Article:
Concept: Pleomorphic adenoma
Optimal surgery for pleomorphic adenoma of the parotid is controversial. In the present review, we discuss the advantages and disadvantages of the various approaches after addressing the surgical pathology of the parotid pleomorphic adenoma capsule and its influence on surgery.
The p53 and phosphoinositide-3-kinase, catalytic, alpha polypeptide/v-akt murine thymoma viral oncogene homolog/mechanistic target of rapamycin (PIK3CA/AKT/mTOR) pathways frequently are altered in sarcoma with complex genomics, such as leiomyosarcoma (LMS) or undifferentiated pleomorphic sarcoma (UPS). The scale of genetic abnormalities in these pathways remains unknown in angiosarcoma (AS).
Primary multiple pleomorphic adenomas in a unilateral parotid gland in previously untreated patients is a rare finding, and little is known about the etiology and pathogenesis. Here, a highly unusual case of a primary multifocal pleomorphic adenoma consisting of 15 individual nodules is presented. It is shown that all nodes are clonally related and thus share a common cell of origin excluding an independent multifocal pathogenesis. Most likely, multifocal pleomorphic adenoma represents parasitic nodules that have been detached from a main nodule, which may have been the result of undisclosed trauma.
Pleomorphic adenoma and benign parotid tumors: extracapsular dissection vs superficial parotidectomy-review of literature and meta-analysis
- Oral surgery, oral medicine, oral pathology and oral radiology
- Published almost 7 years ago
This study compared extracapsular dissection (ED) vs superficial parotidectomy (SP) in the treatment of pleomorphic adenoma and benign parotid tumors.
The authors hypothesized that histogenetic classification of salivary duct carcinoma (SDC) could account for de novo tumors and those with morphologic or molecular evidence (pleomorphic adenoma gene 1 [PLAG1], high-mobility group AT hook 2 [HMGA2] rearrangement, amplification) of pleomorphic adenoma (PA).
Pleomorphic adenoma (PA) of the submandibular gland is known to have a very low recurrence rate. The aim of this study was to investigate the histopathological and capsular characteristics of submandibular gland PA, looking for any differences between submandibular PA and the reported data for PA of the parotid gland as possible explanation for its low recurrence rate. We reviewed 72 submandibular gland PAs resected at our center between 2000 and 2016. Patient age ranged from 14 to 77 years (mean, 47.2). At least follow (range, 12 to 170 months; mean, 82), none of the 72 patients developed a local recurrence. Histologically, all of the tumors were encased by a complete and intact anatomical capsule (100%). Pseudopodia were detected in 11 (15.3%) and satellite nodules in 3 (4.2%) cases. The histological subtype (according to Seifert et al.) was classic (mixed) in 39 (54.2%), stroma-rich/myxoid in 18/72 (25%) and cellular in 15 (20.8%) cases. A complete rim of healthy pericapsular tissue encasing the tumor and its capsule was observed in only 23/72 (31.9%) cases. In conclusion, submandibular PAs are characterized by consistent presence of an intact anatomical capsule, infrequent occurrence of pseudopodia, a remarkably infrequent occurrence lower frequency of secondary satellite tumor nodules and a comparatively lower proportion of the fragile risky myxoid subtype. Despite the fact that surgery of the submandibular gland can frequently lead to focal capsular exposure, the aforementioned capsular characteristics of submandibular gland PA are probably responsible for the excellent oncologic results.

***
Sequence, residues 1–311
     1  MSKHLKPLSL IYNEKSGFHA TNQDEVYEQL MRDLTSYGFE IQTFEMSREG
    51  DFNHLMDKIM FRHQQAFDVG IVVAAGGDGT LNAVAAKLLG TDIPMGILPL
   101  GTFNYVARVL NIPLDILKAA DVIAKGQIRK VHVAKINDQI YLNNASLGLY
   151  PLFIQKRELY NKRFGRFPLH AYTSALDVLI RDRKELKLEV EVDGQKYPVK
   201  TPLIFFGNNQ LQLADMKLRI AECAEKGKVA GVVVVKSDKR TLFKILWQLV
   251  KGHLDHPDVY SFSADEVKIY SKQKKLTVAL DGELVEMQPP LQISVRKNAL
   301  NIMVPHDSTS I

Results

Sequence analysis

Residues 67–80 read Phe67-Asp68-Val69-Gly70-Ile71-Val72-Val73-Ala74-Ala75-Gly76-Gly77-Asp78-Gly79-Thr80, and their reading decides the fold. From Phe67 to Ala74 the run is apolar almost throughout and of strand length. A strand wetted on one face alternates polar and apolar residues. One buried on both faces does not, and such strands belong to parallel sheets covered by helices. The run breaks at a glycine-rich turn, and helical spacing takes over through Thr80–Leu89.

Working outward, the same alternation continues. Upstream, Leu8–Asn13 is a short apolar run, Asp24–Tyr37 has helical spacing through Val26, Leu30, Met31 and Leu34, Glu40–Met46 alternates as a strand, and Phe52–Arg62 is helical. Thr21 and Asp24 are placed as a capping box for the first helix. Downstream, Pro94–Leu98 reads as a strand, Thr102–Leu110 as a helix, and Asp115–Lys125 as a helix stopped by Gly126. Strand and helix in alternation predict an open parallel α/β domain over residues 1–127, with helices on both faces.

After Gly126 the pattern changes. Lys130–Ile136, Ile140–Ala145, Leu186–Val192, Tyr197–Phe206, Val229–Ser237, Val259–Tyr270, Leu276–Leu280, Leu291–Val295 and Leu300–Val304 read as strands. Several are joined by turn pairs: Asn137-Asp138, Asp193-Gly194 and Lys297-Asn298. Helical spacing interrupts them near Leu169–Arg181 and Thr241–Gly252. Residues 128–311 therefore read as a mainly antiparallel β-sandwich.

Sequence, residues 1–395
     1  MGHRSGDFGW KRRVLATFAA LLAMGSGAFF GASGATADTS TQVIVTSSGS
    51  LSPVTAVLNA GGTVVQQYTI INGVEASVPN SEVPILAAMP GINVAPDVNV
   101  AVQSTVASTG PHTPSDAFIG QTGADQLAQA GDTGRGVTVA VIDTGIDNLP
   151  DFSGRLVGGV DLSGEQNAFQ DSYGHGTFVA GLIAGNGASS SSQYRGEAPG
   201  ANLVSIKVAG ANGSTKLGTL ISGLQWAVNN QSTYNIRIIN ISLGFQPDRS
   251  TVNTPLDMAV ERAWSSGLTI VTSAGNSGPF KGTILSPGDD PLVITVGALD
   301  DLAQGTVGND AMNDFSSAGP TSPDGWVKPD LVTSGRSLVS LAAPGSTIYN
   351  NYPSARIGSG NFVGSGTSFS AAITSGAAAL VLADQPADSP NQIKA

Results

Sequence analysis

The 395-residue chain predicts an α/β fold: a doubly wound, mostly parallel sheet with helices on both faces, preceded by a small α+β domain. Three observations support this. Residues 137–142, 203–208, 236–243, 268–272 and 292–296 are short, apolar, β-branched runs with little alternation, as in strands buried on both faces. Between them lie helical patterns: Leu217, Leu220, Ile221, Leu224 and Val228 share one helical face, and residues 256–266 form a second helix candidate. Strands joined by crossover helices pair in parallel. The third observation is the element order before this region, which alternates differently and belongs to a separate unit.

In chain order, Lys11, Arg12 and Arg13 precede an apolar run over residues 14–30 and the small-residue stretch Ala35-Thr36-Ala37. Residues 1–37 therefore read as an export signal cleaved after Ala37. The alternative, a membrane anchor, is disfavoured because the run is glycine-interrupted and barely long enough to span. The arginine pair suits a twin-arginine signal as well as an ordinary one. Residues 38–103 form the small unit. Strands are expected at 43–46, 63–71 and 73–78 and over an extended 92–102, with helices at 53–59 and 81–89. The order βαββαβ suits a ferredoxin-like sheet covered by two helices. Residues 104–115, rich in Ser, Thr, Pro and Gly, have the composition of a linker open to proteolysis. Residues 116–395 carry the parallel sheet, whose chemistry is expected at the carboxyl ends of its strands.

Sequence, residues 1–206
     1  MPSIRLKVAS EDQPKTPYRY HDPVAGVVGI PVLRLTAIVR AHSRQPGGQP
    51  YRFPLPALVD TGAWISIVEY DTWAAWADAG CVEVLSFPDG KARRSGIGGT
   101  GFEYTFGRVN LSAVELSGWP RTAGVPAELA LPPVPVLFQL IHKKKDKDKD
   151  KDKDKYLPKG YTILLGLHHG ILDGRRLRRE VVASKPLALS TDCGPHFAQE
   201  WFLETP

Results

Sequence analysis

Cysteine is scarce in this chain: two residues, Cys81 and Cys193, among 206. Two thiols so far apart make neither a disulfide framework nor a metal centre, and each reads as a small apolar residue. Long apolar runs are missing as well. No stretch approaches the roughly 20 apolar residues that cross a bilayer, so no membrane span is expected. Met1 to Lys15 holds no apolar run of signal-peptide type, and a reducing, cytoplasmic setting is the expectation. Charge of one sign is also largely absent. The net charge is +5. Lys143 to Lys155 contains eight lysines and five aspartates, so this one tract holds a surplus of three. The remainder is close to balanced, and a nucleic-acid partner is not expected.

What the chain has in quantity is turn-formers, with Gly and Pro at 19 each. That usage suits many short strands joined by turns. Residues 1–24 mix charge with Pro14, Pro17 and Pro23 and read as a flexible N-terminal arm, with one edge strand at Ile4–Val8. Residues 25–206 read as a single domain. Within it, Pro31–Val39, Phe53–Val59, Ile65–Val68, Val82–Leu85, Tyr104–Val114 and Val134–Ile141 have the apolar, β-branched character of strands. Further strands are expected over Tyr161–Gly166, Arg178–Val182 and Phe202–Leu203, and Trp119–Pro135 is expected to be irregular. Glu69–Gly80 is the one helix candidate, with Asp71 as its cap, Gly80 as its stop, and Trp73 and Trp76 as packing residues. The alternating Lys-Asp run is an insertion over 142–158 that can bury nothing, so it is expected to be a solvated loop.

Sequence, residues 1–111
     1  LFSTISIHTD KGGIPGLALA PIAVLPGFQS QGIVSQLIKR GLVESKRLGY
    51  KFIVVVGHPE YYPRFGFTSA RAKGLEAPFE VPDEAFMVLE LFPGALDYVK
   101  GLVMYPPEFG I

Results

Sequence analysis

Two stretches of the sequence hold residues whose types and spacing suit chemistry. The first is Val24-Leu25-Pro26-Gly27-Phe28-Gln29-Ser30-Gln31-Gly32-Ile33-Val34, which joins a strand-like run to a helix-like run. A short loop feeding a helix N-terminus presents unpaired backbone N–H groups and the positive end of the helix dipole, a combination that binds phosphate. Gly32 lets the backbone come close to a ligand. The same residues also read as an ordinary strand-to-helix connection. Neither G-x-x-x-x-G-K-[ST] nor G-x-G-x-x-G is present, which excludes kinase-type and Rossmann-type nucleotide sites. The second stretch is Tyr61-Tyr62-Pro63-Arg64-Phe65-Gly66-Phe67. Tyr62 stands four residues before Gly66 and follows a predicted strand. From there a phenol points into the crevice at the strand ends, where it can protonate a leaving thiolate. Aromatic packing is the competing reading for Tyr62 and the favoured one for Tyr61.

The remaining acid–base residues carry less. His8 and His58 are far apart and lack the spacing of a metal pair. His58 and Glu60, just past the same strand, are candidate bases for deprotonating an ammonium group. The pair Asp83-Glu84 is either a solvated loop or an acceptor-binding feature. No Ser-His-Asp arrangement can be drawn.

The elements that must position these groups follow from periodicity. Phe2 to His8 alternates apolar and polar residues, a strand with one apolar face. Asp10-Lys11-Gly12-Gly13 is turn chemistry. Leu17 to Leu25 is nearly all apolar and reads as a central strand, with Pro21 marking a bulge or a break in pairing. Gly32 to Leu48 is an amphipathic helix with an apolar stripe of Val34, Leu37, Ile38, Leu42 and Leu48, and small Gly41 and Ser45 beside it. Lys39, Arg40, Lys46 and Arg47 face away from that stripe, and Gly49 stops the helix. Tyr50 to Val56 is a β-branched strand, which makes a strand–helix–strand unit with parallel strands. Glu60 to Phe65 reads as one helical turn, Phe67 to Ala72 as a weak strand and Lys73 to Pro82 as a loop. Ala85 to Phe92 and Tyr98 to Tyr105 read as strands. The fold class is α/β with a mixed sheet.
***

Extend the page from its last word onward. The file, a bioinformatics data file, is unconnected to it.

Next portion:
To investigate the clinical and imaging features of primary and recurrent lacrimal gland pleomorphic adenoma (LGPA), as well as lacrimal gland malignant epithelial tumours (LGMET).
The objective of this article is to propose a Warthin tumor (WT) score to distinguish WTs from other parotid tumors.
The aim of this study was to evaluate serum levels of adiponectin, leptin, visfatin and IL-6 in patients with pleomorphic adenoma, Warthin’s tumor and acinic cell carcinoma of the parotid gland.
Current thinking about the management of recurrent pleomorphic adenoma of the parotid: a structured review
- The British journal of oral & maxillofacial surgery
- Published almost 3 years ago
Pleomorphic adenoma is the most common tumour of the parotid gland, and can recur after excision. Recurrent pleomorphic adenoma can be a challenge to treat, and has variable outcomes. The aim of this review was to summarise current thinking in its management, which may be helpful to clinical teams and could improve patients' health-related quality of life. We searched several online databases using the key terms pleomorphic adenoma, recurrent pleomorphic adenoma, parotid gland tumours, parotid surgery, radiotherapy and parotid pleomorphic adenoma, and parotid surgery outcomes. Information collected included sample size, recurrence rate, condition of the facial nerve, type of operation, adjuvant treatments associated with recurrence, and clinical outcome. We screened 2301 papers, of which 49 were eligible. There was no consensus among authors about management. There are few if any randomised studies, and so conclusions in most papers were based on coherent arguments. Pleomorphic adenomas of the parotid tend to recur after long intervals, with a propensity towards multifocal disease, and the risk of recurrence (which depends on the initial surgical technique) is higher when the initial operation was done at a young age, after enucleation, and if the initial margins were invaded. Published conclusions suggest that the accepted management varies from observation in selected cases to total parotidectomy with or without postoperative radiotherapy.